For many years, schools have used traditional methods, such as end of year examinations, to determine the progress of teaching and students. The advantage of exams is that as all students take the same test, the results are standardised. The disadvantage is not all students reach their full potential under these conditions and may suffer in the long run. Alternative assessments are creeping into the education system, but they are far from being a perfect solution.
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The idea of traditional assessments is that all students take basically the same examination as everybody else. Each student is then awarded a grade based on how well she performed on a test. This makes it easier for school and governmental bodies to assess which schools are improving and which are struggling. If all students were taking different tests, there is no way of telling if a school is doing better because an exam is easier or because they have a better teacher.
Standardised tests mean students from inner-city state schools take the same examinations as private school pupils. The idea is that when students apply to colleges or for jobs it is easier for an assessor to work out who is better suited without having to make a socioeconomic determination. In theory this is supposed to reduce any deliberate or accidental racism, sexism or other discrimination.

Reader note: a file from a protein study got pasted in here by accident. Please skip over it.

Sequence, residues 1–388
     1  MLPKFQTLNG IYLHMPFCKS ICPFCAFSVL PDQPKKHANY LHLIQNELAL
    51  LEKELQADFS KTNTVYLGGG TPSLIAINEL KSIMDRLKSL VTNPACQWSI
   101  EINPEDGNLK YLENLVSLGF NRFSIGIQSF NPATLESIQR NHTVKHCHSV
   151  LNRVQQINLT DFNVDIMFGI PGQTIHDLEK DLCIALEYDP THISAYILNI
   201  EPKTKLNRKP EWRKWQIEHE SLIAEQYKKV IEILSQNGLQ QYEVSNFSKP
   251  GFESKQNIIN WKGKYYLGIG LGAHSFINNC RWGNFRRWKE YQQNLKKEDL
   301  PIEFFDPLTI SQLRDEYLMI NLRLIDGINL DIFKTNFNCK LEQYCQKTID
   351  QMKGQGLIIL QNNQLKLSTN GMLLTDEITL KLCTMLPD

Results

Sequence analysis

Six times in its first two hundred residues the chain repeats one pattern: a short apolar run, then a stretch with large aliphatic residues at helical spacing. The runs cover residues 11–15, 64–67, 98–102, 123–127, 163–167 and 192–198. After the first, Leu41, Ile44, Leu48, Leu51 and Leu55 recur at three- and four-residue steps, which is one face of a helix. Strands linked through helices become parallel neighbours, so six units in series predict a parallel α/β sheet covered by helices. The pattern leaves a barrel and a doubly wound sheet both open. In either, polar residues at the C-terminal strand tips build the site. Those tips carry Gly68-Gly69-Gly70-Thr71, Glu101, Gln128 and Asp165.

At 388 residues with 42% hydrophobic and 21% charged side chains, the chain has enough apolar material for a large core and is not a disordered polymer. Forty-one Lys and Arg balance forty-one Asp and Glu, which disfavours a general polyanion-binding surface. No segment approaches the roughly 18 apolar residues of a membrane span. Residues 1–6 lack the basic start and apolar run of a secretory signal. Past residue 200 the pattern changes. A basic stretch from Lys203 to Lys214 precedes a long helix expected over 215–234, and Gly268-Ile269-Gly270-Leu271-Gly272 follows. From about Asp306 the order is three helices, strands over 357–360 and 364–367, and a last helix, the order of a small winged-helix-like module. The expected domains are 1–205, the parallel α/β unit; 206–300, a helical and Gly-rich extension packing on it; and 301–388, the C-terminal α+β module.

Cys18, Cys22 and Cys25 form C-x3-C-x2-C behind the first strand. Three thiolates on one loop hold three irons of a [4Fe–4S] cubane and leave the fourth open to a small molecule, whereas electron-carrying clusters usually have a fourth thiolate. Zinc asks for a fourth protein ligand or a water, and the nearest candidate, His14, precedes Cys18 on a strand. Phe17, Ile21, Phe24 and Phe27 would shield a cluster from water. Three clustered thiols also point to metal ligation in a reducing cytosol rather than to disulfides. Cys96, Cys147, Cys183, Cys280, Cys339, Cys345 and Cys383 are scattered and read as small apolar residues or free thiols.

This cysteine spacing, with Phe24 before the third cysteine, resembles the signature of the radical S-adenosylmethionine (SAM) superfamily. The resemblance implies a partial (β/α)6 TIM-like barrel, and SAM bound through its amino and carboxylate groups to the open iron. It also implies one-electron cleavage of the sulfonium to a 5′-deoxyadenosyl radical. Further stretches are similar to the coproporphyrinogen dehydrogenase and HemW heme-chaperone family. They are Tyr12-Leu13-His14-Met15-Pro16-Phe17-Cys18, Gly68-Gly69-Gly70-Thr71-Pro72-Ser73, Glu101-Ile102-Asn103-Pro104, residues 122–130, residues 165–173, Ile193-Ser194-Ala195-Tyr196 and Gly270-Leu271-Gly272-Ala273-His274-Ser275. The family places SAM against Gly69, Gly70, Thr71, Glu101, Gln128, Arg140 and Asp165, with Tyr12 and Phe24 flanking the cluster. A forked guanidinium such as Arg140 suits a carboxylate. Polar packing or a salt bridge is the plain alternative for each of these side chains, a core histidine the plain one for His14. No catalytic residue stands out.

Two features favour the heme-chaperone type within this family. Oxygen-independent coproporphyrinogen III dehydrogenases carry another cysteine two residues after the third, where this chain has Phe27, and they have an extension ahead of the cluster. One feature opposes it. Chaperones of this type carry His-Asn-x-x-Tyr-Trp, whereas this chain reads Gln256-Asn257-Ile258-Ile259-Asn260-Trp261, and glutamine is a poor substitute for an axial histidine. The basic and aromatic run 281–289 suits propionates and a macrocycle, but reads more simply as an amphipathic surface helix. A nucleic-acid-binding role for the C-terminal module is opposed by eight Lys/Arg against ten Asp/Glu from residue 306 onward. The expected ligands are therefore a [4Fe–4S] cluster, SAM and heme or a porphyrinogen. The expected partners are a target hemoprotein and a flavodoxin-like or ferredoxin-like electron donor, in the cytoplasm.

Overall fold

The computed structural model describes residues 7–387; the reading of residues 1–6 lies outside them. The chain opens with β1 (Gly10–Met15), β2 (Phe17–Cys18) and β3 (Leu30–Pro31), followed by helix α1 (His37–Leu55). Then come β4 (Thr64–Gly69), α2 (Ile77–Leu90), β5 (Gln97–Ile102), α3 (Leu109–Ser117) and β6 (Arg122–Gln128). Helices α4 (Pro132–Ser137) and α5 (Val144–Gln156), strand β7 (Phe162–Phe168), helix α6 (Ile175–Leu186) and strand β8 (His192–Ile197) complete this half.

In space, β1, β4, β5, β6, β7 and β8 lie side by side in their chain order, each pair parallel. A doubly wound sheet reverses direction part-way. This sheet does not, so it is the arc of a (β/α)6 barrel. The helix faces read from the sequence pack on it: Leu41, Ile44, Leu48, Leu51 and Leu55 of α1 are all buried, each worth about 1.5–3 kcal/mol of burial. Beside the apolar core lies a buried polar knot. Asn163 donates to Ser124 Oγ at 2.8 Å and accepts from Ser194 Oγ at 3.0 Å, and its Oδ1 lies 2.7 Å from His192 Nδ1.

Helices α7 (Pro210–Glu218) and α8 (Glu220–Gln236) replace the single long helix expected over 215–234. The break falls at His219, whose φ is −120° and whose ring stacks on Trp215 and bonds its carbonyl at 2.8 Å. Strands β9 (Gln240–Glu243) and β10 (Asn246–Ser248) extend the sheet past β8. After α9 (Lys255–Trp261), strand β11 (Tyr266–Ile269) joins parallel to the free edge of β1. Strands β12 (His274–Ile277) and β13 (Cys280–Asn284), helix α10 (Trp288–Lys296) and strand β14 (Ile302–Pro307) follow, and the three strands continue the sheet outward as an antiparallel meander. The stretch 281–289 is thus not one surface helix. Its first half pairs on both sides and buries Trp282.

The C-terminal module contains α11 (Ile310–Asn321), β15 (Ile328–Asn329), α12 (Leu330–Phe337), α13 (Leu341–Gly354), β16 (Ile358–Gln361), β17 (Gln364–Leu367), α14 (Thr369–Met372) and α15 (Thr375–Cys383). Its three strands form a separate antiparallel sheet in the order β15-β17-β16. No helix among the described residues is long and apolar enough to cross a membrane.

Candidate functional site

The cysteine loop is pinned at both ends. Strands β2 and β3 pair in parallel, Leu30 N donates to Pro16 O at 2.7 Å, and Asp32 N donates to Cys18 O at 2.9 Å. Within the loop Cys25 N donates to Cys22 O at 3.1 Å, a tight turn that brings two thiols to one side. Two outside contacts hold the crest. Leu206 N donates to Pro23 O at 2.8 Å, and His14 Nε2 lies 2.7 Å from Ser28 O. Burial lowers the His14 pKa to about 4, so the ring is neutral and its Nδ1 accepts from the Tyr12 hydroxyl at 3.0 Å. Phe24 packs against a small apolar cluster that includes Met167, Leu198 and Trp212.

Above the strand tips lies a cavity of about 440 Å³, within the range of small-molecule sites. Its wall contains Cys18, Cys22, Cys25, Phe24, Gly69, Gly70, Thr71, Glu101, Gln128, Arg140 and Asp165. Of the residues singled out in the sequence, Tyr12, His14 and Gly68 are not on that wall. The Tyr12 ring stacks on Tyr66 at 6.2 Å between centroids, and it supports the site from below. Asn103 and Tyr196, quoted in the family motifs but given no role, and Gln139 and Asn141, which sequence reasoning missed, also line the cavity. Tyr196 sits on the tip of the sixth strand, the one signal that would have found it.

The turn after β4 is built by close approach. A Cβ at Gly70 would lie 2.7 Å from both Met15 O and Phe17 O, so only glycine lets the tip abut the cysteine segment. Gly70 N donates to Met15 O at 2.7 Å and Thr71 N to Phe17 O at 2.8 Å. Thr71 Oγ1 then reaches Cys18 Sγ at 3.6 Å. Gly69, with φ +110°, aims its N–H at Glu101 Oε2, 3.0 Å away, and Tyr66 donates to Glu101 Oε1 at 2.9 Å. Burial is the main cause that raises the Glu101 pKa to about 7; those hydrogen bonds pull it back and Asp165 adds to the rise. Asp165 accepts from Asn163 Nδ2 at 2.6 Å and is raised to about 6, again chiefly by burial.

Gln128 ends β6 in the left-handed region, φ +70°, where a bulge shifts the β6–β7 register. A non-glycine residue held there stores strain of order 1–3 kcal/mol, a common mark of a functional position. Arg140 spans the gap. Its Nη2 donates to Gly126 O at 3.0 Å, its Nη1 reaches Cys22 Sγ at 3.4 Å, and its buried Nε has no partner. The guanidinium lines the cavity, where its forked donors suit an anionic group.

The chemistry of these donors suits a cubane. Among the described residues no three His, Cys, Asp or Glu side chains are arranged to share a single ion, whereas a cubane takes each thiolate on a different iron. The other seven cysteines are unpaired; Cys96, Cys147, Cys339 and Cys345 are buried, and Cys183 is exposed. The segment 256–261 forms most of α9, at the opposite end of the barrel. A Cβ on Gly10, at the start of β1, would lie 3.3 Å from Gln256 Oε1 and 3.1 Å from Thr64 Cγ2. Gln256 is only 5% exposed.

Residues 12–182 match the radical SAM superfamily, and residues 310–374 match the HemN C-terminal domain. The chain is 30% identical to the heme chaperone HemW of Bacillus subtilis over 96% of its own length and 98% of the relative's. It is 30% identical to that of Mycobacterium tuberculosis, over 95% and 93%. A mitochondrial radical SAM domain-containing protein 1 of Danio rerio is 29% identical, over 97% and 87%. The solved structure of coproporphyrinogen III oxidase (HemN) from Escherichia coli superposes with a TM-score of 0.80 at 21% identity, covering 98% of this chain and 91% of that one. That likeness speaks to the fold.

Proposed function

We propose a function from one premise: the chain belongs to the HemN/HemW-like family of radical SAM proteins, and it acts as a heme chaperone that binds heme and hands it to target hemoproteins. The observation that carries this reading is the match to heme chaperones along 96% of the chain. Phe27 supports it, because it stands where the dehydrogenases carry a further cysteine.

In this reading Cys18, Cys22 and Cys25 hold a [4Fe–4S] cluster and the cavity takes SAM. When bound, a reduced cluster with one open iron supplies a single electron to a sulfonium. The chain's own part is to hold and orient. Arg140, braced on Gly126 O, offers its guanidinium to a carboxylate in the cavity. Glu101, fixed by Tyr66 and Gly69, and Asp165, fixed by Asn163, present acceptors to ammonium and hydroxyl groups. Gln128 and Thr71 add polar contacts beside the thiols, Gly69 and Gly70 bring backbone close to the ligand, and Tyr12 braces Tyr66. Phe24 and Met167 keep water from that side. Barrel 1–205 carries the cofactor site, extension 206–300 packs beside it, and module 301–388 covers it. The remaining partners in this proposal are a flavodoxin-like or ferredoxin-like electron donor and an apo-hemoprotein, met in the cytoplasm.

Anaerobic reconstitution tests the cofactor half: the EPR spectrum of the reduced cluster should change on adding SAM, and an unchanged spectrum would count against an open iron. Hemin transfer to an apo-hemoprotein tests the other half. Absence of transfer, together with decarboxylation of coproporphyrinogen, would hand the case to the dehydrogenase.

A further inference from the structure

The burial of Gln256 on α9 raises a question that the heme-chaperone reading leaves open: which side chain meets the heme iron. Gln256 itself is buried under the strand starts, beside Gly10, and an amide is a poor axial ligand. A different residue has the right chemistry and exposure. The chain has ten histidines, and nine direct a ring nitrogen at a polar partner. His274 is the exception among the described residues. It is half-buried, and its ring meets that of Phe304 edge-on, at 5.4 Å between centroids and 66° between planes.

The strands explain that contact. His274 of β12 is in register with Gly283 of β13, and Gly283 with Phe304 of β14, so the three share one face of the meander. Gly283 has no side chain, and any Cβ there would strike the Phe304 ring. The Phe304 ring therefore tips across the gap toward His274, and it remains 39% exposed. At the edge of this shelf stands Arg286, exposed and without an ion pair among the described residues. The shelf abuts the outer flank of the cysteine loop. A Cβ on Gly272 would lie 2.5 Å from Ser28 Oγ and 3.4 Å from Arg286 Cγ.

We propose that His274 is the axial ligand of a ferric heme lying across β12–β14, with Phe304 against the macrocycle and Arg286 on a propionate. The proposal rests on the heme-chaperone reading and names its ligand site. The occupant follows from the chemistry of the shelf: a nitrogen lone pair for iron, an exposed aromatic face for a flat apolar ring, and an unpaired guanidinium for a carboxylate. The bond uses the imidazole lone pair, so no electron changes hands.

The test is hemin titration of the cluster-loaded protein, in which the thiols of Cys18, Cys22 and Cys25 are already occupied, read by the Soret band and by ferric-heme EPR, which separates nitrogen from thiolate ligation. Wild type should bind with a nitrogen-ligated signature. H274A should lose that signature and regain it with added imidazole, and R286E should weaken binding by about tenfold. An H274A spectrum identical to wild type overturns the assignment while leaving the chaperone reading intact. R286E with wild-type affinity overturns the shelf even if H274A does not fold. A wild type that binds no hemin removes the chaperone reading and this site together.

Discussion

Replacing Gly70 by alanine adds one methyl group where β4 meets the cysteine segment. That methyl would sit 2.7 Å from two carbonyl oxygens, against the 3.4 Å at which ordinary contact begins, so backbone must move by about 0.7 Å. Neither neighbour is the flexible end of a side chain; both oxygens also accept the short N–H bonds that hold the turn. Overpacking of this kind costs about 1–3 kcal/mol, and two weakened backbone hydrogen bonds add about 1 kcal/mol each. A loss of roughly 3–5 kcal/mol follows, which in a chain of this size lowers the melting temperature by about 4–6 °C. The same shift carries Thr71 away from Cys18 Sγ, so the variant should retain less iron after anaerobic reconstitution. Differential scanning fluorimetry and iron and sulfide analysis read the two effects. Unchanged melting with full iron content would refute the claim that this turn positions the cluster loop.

The traditional exam as a test was devised not only to assess students on knowledge of the subject but to see how they react under pressure. Although in a work environment, time and word limits may not be as strict, learning to work under these conditions is important. An alternative assessment may be a determination made over an entire year of schoolwork where the student may not have been put under time limitations at any point.
End of year exams are cheap to produce and mark as every student takes basically the same exam. Alternative testing may be more expensive both in terms of marking and equipment as there are more elements to assess and nontraditional education methods can be used. It is important to remember this may not always be true; it depends entirely on the subject being taught and the assessment methods used.
Current employers took the traditional assessments when they were at school and may not understand what exactly students have learnt at school if alternative tests are employed. This may mean a student who was taught, through no fault of his own, by alternative methods may stand less of a chance of getting a job than somebody who took exams.
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